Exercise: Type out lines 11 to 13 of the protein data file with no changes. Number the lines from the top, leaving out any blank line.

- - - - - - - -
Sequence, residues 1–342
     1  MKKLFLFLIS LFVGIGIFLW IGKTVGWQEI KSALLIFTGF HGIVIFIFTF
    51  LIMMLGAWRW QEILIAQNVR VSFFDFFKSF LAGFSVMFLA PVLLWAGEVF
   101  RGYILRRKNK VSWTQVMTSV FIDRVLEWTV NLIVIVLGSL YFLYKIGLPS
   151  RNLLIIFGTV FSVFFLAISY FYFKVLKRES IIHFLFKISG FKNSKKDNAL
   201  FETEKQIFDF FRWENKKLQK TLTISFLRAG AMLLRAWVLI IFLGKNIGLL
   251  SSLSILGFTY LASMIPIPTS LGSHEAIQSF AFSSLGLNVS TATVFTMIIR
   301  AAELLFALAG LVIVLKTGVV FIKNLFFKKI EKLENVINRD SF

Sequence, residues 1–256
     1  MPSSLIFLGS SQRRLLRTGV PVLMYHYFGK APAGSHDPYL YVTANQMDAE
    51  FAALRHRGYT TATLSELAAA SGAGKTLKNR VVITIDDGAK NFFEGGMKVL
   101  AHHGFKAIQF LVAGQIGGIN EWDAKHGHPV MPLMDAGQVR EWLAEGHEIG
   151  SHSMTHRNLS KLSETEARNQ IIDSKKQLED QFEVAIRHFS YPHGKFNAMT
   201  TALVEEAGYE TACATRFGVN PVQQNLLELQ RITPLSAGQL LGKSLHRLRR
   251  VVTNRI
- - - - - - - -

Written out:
    51  FAALRHRGYT TATLSELAAA SGAGKTLKNR VVITIDDGAK NFFEGGMKVL
   101  AHHGFKAIQF LVAGQIGGIN EWDAKHGHPV MPLMDAGQVR EWLAEGHEIG
   151  SHSMTHRNLS KLSETEARNQ IIDSKKQLED QFEVAIRHFS YPHGKFNAMT